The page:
Seventh Circuit OKs dismissal of rabbi's discrimination suit against Northwestern

By Jonathan Bilyk | Nov 10, 2014

A federal appeals court has denied a rabbi affiliated with the Chabad Hassidic Jewish tradition the chance to press a religious discrimination claim against Northwestern University, saying the university’s decision to disaffiliate his organization and remove him as the arbiter of kosher at the school was not motivated by anti-Semitism or religious antipathy, but rather his repeated refusal to abide by underage drinking laws.

On Nov. 6, the Seventh Circuit Court of Appeals rejected the appeal of Rabbi Dov Hillel Klein by affirming U.S. District Judge John W. Darrah's dismissal of Klein’s discrimination suit against Northwestern.

The panel's opinion was authored by Judge Richard A. Posner. Judges William J. Bauer and John Daniel Tinder concurred, with Bauer taking the added step of writing a three-sentence concurring opinion to note he “cheerfully" concurred in the ruling he thought was both “enlightening” and “entertaining.”

The case centers on a federal discrimination complaint Klein had brought against Northwestern following the university’s decision in 2012 to sever its relationship with Klein’s Tannenbaum Chabad House.

Since 1985, Klein had operated the Chabad House in Evanston, which operated as an “emissary” to the Northwestern University Jewish community for the Chabad-Lubavitch tradition within Judaism.

The Tannenbaum Chabad House operated as an affiliated religious organization at the university, meaning it enjoyed various rights and privileges on campus, thanks to recognition from Northwestern’s chaplain.

The university also granted Klein authority to work with the university’s campus food supplier, Sodexo, to determine whether various food items complied with Jewish kosher requirements.

The relationship between the university and Chabad House began to fray in 2001 when university officials were alerted to underage drinking occurring at the Chabad House, after a student had to be hospitalized for consuming too much alcohol at an event there.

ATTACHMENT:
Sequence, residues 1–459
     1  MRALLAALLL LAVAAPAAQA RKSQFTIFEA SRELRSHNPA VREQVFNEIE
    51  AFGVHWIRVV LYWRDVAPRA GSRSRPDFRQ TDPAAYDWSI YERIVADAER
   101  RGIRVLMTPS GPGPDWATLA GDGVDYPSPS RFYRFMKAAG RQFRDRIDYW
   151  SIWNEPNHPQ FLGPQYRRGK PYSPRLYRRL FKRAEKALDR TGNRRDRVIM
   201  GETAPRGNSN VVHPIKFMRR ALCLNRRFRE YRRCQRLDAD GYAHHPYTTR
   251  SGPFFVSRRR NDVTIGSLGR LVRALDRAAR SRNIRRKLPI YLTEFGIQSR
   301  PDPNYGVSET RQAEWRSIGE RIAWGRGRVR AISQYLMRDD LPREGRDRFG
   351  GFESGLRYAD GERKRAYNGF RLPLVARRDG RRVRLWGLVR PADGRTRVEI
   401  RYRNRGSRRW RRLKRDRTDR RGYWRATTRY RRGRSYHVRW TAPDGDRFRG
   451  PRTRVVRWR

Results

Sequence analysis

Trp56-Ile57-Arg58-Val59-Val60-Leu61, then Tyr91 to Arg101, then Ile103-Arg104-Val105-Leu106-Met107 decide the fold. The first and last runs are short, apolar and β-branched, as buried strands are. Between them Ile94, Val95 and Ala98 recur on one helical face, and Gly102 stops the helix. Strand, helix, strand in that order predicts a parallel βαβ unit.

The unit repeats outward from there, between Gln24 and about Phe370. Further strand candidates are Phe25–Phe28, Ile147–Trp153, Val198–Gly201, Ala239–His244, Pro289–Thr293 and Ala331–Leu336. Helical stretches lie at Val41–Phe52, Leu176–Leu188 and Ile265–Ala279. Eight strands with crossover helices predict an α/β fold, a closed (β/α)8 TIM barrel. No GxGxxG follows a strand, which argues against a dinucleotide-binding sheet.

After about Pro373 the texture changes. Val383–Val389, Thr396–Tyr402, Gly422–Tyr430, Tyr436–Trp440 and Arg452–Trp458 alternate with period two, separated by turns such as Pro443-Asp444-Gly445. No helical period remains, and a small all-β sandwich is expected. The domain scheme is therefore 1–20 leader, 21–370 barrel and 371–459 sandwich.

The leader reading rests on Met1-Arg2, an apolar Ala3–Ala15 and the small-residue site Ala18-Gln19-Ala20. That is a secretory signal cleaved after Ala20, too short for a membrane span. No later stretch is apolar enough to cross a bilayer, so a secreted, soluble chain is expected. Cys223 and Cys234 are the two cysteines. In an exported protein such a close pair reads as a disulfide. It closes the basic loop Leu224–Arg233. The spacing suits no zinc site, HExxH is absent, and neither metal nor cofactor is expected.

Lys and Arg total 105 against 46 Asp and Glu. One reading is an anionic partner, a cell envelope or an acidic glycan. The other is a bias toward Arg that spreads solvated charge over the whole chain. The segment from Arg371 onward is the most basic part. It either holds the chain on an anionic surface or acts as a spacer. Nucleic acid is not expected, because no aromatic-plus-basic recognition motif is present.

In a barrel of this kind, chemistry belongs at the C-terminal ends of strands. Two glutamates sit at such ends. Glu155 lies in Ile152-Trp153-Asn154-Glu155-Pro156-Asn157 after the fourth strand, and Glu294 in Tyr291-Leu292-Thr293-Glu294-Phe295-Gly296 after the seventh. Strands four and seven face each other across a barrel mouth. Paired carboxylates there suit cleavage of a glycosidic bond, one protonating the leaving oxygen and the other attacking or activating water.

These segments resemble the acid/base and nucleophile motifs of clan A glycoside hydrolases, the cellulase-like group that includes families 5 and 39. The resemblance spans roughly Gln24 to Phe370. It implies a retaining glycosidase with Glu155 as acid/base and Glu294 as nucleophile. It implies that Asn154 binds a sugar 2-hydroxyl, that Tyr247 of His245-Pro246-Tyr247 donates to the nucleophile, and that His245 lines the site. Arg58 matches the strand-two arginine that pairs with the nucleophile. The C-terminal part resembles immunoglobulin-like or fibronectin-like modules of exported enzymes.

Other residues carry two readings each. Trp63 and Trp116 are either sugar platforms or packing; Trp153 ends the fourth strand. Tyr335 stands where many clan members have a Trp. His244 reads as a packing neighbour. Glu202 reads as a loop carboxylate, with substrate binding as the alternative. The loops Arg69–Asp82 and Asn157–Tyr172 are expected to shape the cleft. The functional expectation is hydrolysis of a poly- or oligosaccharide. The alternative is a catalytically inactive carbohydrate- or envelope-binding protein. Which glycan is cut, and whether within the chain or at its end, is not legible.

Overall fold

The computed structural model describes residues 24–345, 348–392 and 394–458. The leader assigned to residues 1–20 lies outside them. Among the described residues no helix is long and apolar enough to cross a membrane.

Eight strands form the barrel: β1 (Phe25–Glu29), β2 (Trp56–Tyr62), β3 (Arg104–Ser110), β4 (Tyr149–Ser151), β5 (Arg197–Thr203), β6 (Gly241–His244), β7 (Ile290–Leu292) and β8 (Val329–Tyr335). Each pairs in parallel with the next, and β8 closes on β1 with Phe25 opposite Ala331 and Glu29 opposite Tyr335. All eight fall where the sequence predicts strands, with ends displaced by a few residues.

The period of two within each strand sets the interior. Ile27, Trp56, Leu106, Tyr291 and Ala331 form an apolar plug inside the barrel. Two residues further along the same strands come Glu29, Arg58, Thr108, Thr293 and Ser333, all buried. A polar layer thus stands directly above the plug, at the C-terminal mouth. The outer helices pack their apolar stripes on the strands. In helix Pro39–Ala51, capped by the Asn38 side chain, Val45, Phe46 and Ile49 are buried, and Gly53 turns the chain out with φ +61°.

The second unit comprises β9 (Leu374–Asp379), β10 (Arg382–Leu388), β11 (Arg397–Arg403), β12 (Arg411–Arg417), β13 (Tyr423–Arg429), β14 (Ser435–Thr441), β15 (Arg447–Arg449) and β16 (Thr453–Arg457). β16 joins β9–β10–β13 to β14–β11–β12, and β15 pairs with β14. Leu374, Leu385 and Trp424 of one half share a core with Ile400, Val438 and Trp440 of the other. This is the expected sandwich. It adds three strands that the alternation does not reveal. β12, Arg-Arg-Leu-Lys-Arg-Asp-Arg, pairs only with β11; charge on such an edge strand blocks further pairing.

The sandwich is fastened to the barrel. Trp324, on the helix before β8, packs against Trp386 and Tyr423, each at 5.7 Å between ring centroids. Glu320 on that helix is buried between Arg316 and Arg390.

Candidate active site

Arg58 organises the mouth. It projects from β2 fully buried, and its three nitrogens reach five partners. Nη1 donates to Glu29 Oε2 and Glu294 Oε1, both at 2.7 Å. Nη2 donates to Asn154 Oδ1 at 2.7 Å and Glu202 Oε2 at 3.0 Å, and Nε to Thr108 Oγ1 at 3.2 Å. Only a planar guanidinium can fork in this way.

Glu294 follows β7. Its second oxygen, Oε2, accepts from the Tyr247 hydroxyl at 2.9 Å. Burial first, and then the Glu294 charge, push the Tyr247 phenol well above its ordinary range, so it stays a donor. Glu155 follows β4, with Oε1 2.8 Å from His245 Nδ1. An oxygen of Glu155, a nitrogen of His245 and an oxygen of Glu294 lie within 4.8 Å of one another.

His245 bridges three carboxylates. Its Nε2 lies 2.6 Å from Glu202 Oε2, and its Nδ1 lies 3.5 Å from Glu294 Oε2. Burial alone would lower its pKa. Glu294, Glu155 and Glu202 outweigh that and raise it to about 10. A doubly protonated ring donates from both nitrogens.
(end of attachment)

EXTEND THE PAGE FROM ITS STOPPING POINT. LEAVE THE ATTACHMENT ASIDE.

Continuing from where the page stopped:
Despite repeated admonitions from the chaplain asking Klein to rein in the consumption of alcohol at Chabad House, the panel's opinion notes he did nothing to abate alcohol consumption by students under the age of 21. Events at which underage students were allegedly served alcohol by Chabad House included the bar mitzvah of Klein’s son in 2005 in a university-owned dining hall.

Students were also served at events in honor of various Jewish holidays and on Friday evenings at the beginning of Sabbath observances.

Klein defended Chabad House’s practices by saying that requiring students to carry identification to these events in order to verify their ages would violate Jewish religious law.

Posner and his colleagues, however, took a dim view of this argument.

“As far as we’ve been able to determine, plying minors with hard liquor is not required by any Jewish religious observance,” Posner wrote.

In 2012, acting on the complaint of a student’s father, who was also a rabbi of a different Jewish tradition, the university terminated its affiliation with the Chabad House, and stripped Klein of his role as kosher consultant to Sodexo.

Klein sued, first alleging the university’s decision was motivated by anti-Semitism. On appeal, however, he dropped that contention, instead focusing on the federal statute forbidding discrimination in contracts, saying the university’s decision was rooted in hostility to his particular sect of Judaism.

The Seventh Circuit panel, however, said the statute on which Klein’s appeal relied did not address religious discrimination of the type Klein asserts.

Rather, the judges said the facts of the case indicate the dismissal of Chabad House at Northwestern arose out of Klein’s failure to appropriately supervise his organization and his disregard of repeated warnings from university officials about the “heavy drinking” occurring at his organization’s events.

Posner wrote for the panel that Klein had never asked the university for a “second chance” before filing his complaint, and “had gotten away for more than a quarter of a century with an irresponsible attitude toward excessive underage drinking that went on under his nose in the Chabad House, and seems to have thought he could continue to do so, with impunity, indefinitely.”

“Why should he be given fourth and fifth and nth chances?” Posner wrote.

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